Despite questions about traffic flow, Dollar General got the green light
from Town of Porter zoning officials for a new 9,100 square-foot store at
U.S. 20 and Waverly Road.
“The developer is very interested in breaking ground this year before the
snow flies,” Mark Foster of Weaver Boos consultants told the Porter Board of
Zoning Appeals on Dollar General’s behalf.
Both the BZA and the Porter Plan Commission unanimously approved aspects of
the project Wednesday, the latter following a site-plan review.
Dollar General agreed to widen the east pavement on Waverly Road to match
what adjacent Seven Peaks Waterpark Duneland to the north will do in the
future when it upgrades Waverly Road at U.S. 20.
Dollar General’s 2.1-acre parcel wraps around an existing
fueling/convenience store at the immediate northeast corner of the
Town planner Jim Mandon originally wanted a right in/right out Dollar
General road cut on U.S. 20. Commission member Erik Wagner said it’s needed.
Police chief James Spanier said although that would be ideal, it makes no
sense to require it when the gas station isn’t held to the same standard.
Others agreed it’s not fair to burden a new business when existing ones
aren’t restricted, and there’s no median on U.S. 20 to prevent illegal left
The commission and building commissioner Mike Barry agreed to a plan that
mirrors the Indiana Department of Transportation’s road-cut permit having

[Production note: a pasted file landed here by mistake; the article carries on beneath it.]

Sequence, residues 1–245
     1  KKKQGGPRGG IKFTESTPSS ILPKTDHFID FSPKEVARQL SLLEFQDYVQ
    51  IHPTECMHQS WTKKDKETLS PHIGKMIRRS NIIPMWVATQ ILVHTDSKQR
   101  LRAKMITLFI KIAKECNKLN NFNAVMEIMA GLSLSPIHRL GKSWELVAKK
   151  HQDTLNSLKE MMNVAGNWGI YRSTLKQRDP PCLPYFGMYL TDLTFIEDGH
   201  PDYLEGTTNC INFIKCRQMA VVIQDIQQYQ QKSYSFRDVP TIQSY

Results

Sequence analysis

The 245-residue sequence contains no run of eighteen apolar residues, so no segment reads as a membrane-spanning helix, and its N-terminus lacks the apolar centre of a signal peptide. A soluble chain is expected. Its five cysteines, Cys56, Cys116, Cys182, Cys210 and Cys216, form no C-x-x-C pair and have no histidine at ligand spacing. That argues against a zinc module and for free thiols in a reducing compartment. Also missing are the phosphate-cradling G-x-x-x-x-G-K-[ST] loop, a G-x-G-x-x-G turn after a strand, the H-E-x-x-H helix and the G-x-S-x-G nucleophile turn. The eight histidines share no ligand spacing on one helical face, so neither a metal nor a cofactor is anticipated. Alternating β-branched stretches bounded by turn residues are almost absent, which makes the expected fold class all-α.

three marked travel lanes for Dollar General at U.S. 20 --- an entrance lane
and individual right/left exit lanes. No deceleration lane is included.
Barry noted in 2015 INDOT has an upgrade of the Waverly intersection
tentatively scheduled with the addition of dedicated left-turn lanes on U.S.
20. The traffic light is set on delayed signal now. Mandon said town
officials should meet with INDOT representatives soon to discuss design
The final site plan OK’d on a 6-0 vote with member Jim Eriksson absent
included the addition of several conifers along U.S. 20 to screen a
detention pond east of the store from the highway.
Earlier in the evening the BZA granted Dollar General three variances from
town standards: a reduction in the required parking spaces from 41 to 39; an
increase from two to four the number of signs allowed; and a four-fold
increase in the gross surface area of signage permitted.
During a public hearing, Jennifer Klug spoke in favor of Dollar General’s
petition, but Bruce Brackney said Porter’s attraction is being a quaint town
and there’s no need to duplicate retail available in Valparaiso, Portage and
BZA member Bill Sexton questioned the size of the signs after visiting three
other Dollar General stores. Foster said early visibility is necessary for
Porter because the speed is 50 mph on U.S. 20, and BZA president John Kremke
reminded eastbound traffic will be approaching from a curve.
The BZA negotiated a reduction for the twin pylon signs, one at each U.S. 20
and Waverly Road entrance. Dollar General agreed to 5’ by 10’ 1” franchise
signs instead of 6’ by 16’ 1” signs atop the poles for a total height of 21
Blue-on-yellow franchise signs affixed to the south and west faces of the
building will be 4’ 6” by 33’ 3” each.
Tennessee-based Dollar General bills itself as the nation’s largest
small-box retailer with 10,000 stores in 40 states. The typical store size
is 7,200 square feet.